New study looks at whether a recovering predator is causing another species to decline
Are Laikipia’s recovering lions turning to endangered Grevy’s zebras (Equus grevyi) for their next meal?
That’s what a team of researchers led by WCS and WWF set out to discover – whether the comeback of a top predator – in this case lions in Laikipa County, Kenya – were recovering at the expense of Grevy’s zebras, which number only around 2,680 individuals with half of those living in Likipia.
In recent years, lion numbers have slowly recovered in this region as livestock ranching – which commonly practiced shooting or poisoning lions – has given way to wildlife tourism. Lions (Panthera leo) are classified as Threatened by IUCN.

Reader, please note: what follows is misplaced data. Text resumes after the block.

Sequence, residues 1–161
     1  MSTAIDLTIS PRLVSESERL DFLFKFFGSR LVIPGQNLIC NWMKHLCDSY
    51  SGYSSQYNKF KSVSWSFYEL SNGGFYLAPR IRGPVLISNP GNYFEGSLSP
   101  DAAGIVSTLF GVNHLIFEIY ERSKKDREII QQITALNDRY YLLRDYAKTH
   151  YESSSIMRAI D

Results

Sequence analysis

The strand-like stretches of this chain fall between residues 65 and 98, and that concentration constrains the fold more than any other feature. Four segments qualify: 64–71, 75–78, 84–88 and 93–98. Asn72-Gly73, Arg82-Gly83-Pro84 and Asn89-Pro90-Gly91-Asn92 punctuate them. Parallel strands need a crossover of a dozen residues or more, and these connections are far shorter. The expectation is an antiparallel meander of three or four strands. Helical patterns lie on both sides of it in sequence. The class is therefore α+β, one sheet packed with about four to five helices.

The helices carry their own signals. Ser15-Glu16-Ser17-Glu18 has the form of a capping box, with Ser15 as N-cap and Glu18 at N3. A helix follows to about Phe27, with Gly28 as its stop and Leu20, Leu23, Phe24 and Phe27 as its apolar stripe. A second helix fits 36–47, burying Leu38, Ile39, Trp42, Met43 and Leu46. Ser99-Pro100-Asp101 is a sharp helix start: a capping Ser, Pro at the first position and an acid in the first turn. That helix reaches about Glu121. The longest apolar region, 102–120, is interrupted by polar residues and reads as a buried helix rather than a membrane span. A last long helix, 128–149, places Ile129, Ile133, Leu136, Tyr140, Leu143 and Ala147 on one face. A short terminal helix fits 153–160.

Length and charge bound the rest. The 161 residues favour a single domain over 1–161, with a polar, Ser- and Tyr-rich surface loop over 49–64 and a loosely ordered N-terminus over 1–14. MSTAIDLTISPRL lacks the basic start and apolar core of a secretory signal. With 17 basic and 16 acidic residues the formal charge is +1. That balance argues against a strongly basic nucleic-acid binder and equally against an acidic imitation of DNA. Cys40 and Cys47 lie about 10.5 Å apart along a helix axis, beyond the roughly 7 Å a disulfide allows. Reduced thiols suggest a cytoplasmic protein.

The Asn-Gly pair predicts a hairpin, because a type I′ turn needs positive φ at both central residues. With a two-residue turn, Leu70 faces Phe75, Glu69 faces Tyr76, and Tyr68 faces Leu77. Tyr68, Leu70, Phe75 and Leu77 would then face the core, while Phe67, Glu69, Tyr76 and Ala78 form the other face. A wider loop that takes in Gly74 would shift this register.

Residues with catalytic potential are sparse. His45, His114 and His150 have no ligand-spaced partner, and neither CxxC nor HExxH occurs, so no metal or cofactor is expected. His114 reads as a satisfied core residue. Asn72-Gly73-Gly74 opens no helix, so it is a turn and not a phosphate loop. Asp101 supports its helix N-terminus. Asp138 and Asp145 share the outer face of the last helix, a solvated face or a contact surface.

Publishing their results in the journal PLoS One, the team used satellite telemetry to track the movements of both lions and zebras.
The team found that lions preyed on both Grevy’s and plains zebras (Equus quagga) far less than expected. Their data showed that the population of Grevy’s zebra populations may in fact be stabilizing with recruitment into the population tripling since 2004.
The researchers did conclude that competitive displacement by livestock and interference competition for grass from plains zebras, which are 22 times more abundant than Grevy’s, are most likely the predominant threat to Grevy’s zebras’ recovery.
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